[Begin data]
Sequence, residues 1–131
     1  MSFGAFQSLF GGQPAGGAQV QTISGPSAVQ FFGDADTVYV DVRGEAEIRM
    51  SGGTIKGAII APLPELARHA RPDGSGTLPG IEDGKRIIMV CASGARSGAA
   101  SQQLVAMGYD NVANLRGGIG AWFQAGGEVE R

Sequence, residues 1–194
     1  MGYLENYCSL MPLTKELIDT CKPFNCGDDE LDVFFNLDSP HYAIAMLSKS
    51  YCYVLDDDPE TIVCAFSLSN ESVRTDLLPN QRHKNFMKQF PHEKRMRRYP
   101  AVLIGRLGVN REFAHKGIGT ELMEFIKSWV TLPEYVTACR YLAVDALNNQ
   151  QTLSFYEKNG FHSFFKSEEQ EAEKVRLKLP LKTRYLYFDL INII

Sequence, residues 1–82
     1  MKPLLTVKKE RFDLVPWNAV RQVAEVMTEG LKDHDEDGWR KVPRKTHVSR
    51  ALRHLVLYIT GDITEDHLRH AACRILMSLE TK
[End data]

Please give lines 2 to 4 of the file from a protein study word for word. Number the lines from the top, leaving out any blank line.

     1  MSFGAFQSLF GGQPAGGAQV QTISGPSAVQ FFGDADTVYV DVRGEAEIRM
    51  SGGTIKGAII APLPELARHA RPDGSGTLPG IEDGKRIIMV CASGARSGAA
   101  SQQLVAMGYD NVANLRGGIG AWFQAGGEVE R